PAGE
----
As the NCSCB notes, “If school staff and other adults perceive the presence of such risk factors—or if reactions to the death persist without significant improvement, a referral for mental health services may be indicated. Response to a death by suicide should not only include the immediate response, but also long-term follow-up and support.”

Addressing Mental Health Needs

Because suicide is often the result of untreated mental illness, addressing mental health needs is often the best way to try to prevent these tragedies. Many parents and teachers incorrectly believe that school-aged children are incapable of experiencing mental health conditions, but that’s simply not the case.

  • 13% of children ages 8 to 15 experience a mental health condition.
  • 50% of all lifetime cases of mental illness begin by age 14.
  • 50% of children ages 8 to 15 experiencing a mental health condition don’t receive treatment.

In order to teach children about mental illness and encourage them to seek help, NAMI created NAMI Ending the Silence: free presentations available for students, school staff and families. These in-school presentations teach middle and high school students about the signs and symptoms of mental illness, how to recognize the early warning signs and the importance of acknowledging those warning signs. As one teacher noted in response to the program: “It is amazing what just one day, one talk, can do. You never really know what’s going on in the brain of any particular student.”

Although death and grief can have a profound impact on a school community, resources such as these can provide critical guidance and support for teachers and staff to help their students before and after a tragedy. Hopefully, one day, we won’t need these resources anymore.

 

Colleen O’Day is a Digital PR Manager and supports community outreach for 2U Inc.’s social work, mental health, and education programs. Find her on Twitter @ColleenMODay.

https://www.nami.org/Blogs/NAMI-Blog/May-2018/How-Schools-Can-Help-Students-Respond-to-Suicide

10 Things That Changed Me After the Death of a Parent

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I don’t think there is anything that can prepare you to lose a parent. It is a larger blow in adulthood I believe, because you are at the point where you are actually friends with your mother or father. Their wisdom has finally sunk in and you know that all of the shit you rolled your eyes at as a teenager really was done out of love and probably saved your life a time or two.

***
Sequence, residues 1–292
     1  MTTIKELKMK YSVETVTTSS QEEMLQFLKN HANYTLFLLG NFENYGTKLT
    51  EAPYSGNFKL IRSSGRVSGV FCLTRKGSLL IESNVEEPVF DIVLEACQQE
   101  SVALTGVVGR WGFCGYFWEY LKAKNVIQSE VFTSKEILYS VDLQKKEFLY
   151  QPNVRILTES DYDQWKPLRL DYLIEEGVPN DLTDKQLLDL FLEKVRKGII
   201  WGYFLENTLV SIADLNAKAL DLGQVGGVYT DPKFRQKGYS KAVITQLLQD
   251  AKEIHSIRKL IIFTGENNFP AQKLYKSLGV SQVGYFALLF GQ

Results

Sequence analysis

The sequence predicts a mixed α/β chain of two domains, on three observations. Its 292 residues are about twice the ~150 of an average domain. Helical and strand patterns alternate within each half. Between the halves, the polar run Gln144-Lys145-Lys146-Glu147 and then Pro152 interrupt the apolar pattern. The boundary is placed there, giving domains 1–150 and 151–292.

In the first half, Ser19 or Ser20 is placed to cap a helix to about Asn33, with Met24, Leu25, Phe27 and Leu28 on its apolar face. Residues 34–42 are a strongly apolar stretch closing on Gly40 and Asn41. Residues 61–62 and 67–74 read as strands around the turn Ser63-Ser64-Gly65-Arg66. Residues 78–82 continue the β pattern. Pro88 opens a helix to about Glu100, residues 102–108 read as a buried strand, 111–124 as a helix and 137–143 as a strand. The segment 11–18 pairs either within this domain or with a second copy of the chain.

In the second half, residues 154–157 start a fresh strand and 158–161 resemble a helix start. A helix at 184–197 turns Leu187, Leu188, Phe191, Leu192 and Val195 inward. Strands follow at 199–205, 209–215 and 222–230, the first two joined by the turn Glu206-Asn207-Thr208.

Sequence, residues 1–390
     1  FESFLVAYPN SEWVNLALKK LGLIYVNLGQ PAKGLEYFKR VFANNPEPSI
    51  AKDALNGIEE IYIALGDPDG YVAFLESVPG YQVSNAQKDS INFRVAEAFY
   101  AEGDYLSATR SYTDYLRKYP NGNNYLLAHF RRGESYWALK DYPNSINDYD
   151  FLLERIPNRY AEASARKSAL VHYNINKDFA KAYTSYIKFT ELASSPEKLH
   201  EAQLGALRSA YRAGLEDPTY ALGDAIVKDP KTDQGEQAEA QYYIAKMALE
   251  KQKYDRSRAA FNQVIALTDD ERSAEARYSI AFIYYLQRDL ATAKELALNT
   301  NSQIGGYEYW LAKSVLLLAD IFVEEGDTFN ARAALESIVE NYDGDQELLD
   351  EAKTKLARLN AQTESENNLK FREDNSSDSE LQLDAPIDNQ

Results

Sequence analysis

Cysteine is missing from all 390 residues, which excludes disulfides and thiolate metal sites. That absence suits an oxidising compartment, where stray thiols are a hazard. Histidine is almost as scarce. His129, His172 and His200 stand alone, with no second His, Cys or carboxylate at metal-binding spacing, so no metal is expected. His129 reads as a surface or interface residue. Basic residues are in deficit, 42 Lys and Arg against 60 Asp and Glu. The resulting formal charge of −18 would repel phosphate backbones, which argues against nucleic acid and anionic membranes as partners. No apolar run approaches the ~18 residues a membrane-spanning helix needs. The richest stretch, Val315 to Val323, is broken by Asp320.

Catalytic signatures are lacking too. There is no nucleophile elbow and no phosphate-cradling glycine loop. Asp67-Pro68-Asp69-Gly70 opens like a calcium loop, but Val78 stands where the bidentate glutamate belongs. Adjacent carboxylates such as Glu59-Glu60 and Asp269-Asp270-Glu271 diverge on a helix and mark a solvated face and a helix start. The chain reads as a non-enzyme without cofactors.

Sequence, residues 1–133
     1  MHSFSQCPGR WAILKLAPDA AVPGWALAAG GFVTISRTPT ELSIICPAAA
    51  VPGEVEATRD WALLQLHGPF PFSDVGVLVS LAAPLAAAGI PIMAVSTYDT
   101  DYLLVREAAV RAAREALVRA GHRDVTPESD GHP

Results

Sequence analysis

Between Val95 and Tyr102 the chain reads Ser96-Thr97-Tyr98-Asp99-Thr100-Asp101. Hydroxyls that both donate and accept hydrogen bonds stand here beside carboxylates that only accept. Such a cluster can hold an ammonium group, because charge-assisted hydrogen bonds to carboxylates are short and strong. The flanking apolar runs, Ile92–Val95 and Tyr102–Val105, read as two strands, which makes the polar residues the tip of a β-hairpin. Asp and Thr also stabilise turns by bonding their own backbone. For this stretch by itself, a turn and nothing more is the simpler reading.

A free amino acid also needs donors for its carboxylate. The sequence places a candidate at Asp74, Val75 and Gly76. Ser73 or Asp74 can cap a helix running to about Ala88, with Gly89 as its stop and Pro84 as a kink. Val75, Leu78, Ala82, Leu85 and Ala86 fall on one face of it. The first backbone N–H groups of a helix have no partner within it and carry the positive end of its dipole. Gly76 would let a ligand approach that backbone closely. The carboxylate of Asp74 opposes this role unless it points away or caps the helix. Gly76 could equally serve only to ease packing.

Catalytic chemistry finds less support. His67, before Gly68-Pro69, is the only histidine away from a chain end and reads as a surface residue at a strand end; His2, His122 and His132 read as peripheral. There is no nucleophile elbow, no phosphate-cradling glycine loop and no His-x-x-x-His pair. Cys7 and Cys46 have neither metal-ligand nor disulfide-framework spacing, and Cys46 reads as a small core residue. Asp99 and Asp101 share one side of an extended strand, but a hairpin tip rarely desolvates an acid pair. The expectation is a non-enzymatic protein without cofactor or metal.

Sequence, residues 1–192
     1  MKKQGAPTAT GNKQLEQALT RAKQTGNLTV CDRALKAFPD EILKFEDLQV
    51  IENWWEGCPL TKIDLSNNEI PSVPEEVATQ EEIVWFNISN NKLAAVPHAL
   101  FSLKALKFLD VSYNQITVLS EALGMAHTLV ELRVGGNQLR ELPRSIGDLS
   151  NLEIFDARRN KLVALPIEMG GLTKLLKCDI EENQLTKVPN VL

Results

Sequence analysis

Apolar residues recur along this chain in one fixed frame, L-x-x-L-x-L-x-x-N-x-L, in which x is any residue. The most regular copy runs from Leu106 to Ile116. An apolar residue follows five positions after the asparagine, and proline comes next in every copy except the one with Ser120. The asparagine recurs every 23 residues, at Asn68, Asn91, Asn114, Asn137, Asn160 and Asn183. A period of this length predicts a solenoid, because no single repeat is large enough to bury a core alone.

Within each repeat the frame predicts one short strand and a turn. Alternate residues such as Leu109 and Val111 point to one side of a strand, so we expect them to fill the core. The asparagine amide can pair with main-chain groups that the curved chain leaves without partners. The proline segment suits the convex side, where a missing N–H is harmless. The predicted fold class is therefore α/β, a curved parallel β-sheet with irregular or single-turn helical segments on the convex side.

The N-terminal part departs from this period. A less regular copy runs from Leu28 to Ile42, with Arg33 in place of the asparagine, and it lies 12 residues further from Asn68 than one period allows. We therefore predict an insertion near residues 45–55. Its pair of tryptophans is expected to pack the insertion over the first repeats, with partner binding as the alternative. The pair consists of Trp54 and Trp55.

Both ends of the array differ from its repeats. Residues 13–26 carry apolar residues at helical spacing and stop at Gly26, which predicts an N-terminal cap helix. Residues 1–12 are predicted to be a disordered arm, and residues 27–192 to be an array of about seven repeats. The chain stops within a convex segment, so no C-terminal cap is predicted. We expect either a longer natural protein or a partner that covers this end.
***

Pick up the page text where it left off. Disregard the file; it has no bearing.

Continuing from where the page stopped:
I lost both of mine two years apart; my mother much unexpected and my father rather quickly after a cancer diagnosis. My mom was the one person who could see into my soul and could call me out in the most effective way. She taught me what humanity, empathy and generosity means. My father was the sarcastic realist in the house and one of the most forgiving people I have ever met. If you wanted it straight, with zero bullshit; just go ask my dad.

Grief runs its course and it comes in stages, but I was not prepared for it to never fully go away.

  1. My phone is never more than 1 foot away from me at bedtime, because the last time I did that I missed the call that my mother died.
  2. The very thought of my mother’s death, at times, made me physically ill for about six months after she died. I literally vomited.
  3. Their deaths have at times ripped the remainder of our family apart. I did my best to honor their wishes and sometimes that made me the bad guy. The burden of that was immense, but I understood why I was chosen. It made me stronger as a person, so for that I am grateful.
  4. I’m pissed that my son didn’t get to experience them as grandparents. I watched it five times before his birth and I feel robbed. He would have adored them and they him.
  5. I would not trade my time with them for anything, but sometimes I think it would have been easier had you died when I was very young. The memories would be less.
  6. Don’t bitch about your parents in front of me. You will get an earful about gratitude and appreciation. As a “Dead Parents Club” member, I would take your place in a heartbeat, so shut your mouth. Get some perspective on how truly fleeting life is.
  7. It’s like being a widow — a “club” you never wanted to join. Where do I return this unwanted membership, please?
  8. Other club members are really the only people who can truly understand what it does to a person. They just get it. There is no other way to explain it.
  9. Life does go on, but there will be times even years later, you will still break down like it happened yesterday.
  10. When you see your friends or even strangers with their mom or dad, you will sometimes be jealous. Envious of the lunch date they have. Downright pissed that your mom can’t plan your baby shower. Big life events are never ever the same again.

Here I sit eight and ten years later and there are still times that I reach for the phone when something exciting happens. Then it hits me; shit, I can’t call them.

Their deaths have forever changed me and how I look at the world. In an odd way it has made me a better parent. I am always acutely aware of what memories can mean to my son and how I will impact his life while I am on this earth. He deserves to know how much he is loved and when I am gone, what I teach and instill in him now, will be my legacy.

http://www.huffingtonpost.com/lisa-schmidt/10-things-that-changed-me-after-the-death-of-a-parent_b_7925406.html